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Your search for courses for 23/SP and in HASE 105 found 9 courses.

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IDSC 251.01 Windows on the Good Life 2 credits, S/CR/NC only

Open: Size: 18, Registered: 0, Waitlist: 0

HASE 105

MTWTHF
8:00pm9:45pm

Requirements Met:

Synonym: 65424

Laurence D Cooper, Alan Rubenstein

Human beings are always and everywhere challenged by the question: What should I do to spend my mortal time well? One way to approach this ultimate challenge is to explore some of the great cultural products of our civilization--works that are a delight to read for their wisdom and artfulness. This series of two-credit courses will explore a philosophical dialogue of Plato in the fall, a work from the Bible in the winter, and a pair of plays by Shakespeare in the spring. The course can be repeated for credit throughout the year and in subsequent years.

IDSC 251.02 Windows on the Good Life 2 credits, S/CR/NC only

Open: Size: 18, Registered: 0, Waitlist: 0

HASE 105

MTWTHF
3:10pm4:45pm

Requirements Met:

Synonym: 65425

Laurence D Cooper, Alan Rubenstein

Human beings are always and everywhere challenged by the question: What should I do to spend my mortal time well? One way to approach this ultimate challenge is to explore some of the great cultural products of our civilization--works that are a delight to read for their wisdom and artfulness. This series of two-credit courses will explore a philosophical dialogue of Plato in the fall, a work from the Bible in the winter, and a pair of plays by Shakespeare in the spring. The course can be repeated for credit throughout the year and in subsequent years.

POSC 201.00 Statecraft and the Tools of National Power 6 credits

Open: Size: 25, Registered: 0, Waitlist: 0

HASE 105

MTWTHF
8:15am10:00am8:15am10:00am
Synonym: 65556

Jon R Olson, Ross L Wilson, Thomas R Hanson

This course covers the science and art of statecraft, which is the application of the tools of national power. Students will study how nations use diplomatic, economic, and military power to achieve stated national policy objectives. The course is team-taught by three career national security professionals. Case studies are used to assess the application of diplomatic, economic, and military power in the real world. Course readings, papers, and significant classroom discussion will deliver content to students and set the stage for the International Strategic Crisis Negotiation Exercise, which is a graded part of the course.

POSC 210.00 Misinformation, Political Rumors, and Conspiracy Theories 6 credits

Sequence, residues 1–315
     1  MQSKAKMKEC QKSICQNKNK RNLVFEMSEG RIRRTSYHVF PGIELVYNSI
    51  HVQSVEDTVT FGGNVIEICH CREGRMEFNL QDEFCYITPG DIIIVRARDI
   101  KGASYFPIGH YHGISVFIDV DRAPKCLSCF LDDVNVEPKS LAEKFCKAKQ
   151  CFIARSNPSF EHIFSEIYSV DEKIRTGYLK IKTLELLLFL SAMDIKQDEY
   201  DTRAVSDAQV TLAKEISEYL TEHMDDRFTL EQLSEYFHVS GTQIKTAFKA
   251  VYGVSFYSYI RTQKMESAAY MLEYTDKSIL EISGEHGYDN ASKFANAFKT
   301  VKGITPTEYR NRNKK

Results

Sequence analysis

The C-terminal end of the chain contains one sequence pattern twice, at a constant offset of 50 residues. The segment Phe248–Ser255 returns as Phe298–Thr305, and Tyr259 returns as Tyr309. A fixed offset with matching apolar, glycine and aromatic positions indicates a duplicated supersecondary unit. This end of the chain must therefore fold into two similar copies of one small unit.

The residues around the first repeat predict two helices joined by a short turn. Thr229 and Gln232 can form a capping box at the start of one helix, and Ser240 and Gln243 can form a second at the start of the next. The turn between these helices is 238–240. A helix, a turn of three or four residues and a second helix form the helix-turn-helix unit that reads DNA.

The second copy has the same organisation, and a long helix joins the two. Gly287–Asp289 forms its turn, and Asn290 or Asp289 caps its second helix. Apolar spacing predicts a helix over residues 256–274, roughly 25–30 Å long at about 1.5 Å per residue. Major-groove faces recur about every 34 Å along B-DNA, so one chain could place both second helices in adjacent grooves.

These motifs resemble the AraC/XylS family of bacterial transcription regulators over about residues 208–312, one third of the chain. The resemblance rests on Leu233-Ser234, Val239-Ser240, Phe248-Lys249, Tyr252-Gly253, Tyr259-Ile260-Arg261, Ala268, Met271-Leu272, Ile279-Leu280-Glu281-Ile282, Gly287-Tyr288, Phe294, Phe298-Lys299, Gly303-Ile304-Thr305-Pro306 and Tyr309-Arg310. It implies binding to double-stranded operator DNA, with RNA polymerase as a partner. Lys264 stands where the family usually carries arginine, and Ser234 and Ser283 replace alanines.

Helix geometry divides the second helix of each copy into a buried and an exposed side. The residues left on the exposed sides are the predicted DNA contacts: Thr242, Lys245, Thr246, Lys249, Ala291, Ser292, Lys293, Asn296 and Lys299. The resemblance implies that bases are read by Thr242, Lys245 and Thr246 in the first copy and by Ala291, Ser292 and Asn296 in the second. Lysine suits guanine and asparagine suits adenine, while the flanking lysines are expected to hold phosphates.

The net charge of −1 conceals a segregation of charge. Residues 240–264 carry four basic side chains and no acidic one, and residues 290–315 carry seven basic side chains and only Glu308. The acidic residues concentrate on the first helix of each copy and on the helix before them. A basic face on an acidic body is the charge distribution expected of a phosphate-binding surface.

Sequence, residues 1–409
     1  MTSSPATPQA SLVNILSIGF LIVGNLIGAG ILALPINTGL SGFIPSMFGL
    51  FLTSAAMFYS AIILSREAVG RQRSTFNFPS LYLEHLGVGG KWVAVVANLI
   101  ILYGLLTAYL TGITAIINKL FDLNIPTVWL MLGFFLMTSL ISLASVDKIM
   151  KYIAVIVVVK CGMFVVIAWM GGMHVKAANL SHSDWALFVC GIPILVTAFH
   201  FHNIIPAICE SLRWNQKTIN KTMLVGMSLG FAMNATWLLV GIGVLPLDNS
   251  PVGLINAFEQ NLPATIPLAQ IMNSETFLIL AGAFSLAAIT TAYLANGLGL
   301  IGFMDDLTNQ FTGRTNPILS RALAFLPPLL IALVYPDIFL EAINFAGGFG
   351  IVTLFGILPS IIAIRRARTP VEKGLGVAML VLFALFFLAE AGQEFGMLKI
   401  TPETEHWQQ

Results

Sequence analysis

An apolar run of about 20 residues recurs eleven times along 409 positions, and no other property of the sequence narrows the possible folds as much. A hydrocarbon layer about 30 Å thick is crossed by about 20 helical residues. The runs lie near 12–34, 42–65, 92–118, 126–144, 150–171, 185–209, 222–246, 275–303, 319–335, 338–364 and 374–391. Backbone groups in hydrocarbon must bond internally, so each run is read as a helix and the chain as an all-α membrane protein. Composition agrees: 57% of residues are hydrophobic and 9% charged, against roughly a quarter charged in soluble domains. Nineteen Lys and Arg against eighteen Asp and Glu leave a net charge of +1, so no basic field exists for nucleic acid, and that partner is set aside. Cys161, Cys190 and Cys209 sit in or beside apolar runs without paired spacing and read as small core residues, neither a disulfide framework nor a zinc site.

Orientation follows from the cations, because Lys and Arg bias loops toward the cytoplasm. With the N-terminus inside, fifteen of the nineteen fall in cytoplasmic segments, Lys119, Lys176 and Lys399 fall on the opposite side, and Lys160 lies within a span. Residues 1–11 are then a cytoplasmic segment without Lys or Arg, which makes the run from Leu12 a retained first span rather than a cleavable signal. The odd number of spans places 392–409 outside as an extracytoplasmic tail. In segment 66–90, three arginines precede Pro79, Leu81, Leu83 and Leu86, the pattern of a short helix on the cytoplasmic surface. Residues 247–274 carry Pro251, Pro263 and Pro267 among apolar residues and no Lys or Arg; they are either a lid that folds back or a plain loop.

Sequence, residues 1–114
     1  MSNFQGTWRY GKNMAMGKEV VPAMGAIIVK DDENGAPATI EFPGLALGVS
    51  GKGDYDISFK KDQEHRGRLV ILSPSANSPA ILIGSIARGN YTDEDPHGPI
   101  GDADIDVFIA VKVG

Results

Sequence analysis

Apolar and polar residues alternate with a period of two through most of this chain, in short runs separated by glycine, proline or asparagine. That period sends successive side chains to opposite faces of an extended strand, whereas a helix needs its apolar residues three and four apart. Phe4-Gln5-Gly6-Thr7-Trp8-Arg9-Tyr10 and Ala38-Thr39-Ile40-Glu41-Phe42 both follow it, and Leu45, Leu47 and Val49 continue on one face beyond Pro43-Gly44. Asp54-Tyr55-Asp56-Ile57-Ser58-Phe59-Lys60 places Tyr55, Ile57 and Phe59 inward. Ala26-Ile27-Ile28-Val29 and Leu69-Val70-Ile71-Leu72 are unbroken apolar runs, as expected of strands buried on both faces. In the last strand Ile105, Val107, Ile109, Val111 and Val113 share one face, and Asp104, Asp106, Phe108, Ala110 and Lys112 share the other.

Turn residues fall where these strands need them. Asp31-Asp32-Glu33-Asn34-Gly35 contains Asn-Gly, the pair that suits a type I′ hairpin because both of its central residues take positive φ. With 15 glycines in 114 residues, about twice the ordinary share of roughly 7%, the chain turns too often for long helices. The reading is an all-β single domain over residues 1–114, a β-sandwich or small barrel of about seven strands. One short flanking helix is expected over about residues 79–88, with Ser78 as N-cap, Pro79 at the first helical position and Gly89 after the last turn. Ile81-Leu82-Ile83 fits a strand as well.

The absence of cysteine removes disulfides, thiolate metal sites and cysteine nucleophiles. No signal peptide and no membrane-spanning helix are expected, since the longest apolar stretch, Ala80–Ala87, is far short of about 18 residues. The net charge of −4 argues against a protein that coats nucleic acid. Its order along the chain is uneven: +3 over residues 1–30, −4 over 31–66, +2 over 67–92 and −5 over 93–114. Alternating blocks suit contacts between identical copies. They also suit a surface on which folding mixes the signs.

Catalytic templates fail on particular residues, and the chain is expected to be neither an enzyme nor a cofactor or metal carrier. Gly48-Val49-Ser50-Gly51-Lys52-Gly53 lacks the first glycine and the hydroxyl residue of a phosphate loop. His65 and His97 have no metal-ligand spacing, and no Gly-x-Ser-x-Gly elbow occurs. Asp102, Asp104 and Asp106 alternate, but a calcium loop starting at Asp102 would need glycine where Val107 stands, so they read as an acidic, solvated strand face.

Open: Size: 25, Registered: 0, Waitlist: 0

HASE 105

MTWTHF
10:10am11:55am10:10am11:55am
Synonym: 65123

Christina E Farhart

Why do people believe in conspiracy theories, hold on to misinformed beliefs even in the face of mounting evidence to the contrary, and/or spread political and social rumors that may have little basis in fact? Who is most vulnerable to these various forms of misinformation? What are the normative and political consequences of misperceptions (if any)? This course explores the psychological, political, and philosophical approaches to the study of the causes, consequences, and tenacity of conspiracy beliefs, misinformation, and political rumors, as well as possible approaches that journalists could employ to combat misperceptions.

POSC 227.00 Contemporary Capitalisms 6 credits

Open: Size: 25, Registered: 0, Waitlist: 0

HASE 105

MTWTHF
3:10pm4:55pm3:10pm4:55pm
Synonym: 63995

Juan Diego Prieto

This course examines the intersections between political and economic power: how markets are embedded in social and political institutions and how they in turn shape political life and institutions. It begins with a survey of classic and contemporary theoretical frameworks, followed by an overview of the history of contemporary market economies and the search for “development,” both in the global north as well as the south. It then analyzes the contemporary varieties of capitalism across the globe, with a focus on their varying responses to challenges like globalization, economic crises, technological transformations, and climate change.

POSC 232.00 Political Science Lab: Simulation Research 3 credits

Open: Size: 25, Registered: 0, Waitlist: 0

HASE 105

MTWTHF
8:30am9:40am8:30am9:40am8:30am9:30am
Synonym: 66092

Greg G Marfleet